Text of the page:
Multivariate Randomization Tests for Small-n Behavioral Research: A Web-Based Application

Chris Ninness, Robin Rumph, Eleazar Vasquez, III, Anna Bradfield, Sharon K. Ninness


Behavioral research involving statistical analyses of small group data is frequently compromised by conventional parametric statistical procedures. As an alternative, we have developed and deployed several web-based applications that allow behavioral researchers to easily input data on-line and to calculate levels of significance for small-n studies. Previously, our web-based applications were restricted to parametric and randomization tests involving only one dependent variable. We now have expanded our algorithms such that multivariate analyses may be conducted on sample sizes as small as 6 while employing several dependent measures. This paper provides details for on-line input and interpretation of randomized multivariate statistical tests for small-n studies. Also, to test the power and reliability of our applications, we have compared our multivariate randomization algorithms against a traditional multivariate statistic with two dependent variables. Using Monte Carlo methods, we have assessed the statistical advantages and accuracy of applied multivariate analyses when calculated in both randomized and traditional/parametric formats. Specifically, we have compared probability values for both traditional and randomized MANOVA models by way of Hotelling's T 2 and the Randomized multivariate/composite z scores. We discuss the reliability problems associated with using traditional multivariate statistics with small-n studies, and we describe the statistical advantages and some limitations of using our on-line, small-n, multivariate randomization tests.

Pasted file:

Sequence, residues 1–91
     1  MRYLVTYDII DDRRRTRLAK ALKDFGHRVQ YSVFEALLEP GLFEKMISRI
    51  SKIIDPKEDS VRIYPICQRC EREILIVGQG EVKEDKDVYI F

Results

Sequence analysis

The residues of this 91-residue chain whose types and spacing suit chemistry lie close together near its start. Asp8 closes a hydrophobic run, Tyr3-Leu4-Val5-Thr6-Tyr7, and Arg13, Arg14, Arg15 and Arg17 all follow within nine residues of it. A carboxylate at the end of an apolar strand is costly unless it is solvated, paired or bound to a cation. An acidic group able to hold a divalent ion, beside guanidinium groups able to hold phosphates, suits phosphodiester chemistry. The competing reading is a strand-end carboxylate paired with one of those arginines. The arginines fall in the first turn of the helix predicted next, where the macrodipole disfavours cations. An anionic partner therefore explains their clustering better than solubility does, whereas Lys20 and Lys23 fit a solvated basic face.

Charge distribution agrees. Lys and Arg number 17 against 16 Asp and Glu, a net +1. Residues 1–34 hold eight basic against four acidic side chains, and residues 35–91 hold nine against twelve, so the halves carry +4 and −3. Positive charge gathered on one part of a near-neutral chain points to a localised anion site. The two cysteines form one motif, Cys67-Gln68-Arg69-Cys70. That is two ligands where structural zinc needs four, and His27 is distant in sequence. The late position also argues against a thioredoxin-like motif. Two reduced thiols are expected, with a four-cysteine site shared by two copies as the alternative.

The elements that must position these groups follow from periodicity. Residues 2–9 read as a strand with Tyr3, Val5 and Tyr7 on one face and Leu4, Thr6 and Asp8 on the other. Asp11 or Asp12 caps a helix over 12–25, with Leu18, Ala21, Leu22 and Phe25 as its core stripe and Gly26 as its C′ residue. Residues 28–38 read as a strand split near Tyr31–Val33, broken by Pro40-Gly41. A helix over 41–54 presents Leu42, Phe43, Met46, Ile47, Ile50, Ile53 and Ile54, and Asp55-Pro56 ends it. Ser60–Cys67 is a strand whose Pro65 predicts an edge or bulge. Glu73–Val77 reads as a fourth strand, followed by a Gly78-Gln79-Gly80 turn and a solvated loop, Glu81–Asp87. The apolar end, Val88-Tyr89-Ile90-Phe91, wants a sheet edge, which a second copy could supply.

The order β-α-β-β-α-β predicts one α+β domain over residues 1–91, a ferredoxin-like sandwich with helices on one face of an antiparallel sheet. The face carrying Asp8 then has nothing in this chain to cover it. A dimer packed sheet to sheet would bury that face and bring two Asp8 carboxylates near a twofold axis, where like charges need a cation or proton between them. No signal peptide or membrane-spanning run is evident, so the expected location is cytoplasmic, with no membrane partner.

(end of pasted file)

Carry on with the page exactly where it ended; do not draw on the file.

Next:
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Published by the University of Illinois at Chicago Library

And Behaviorists for Social Responsibility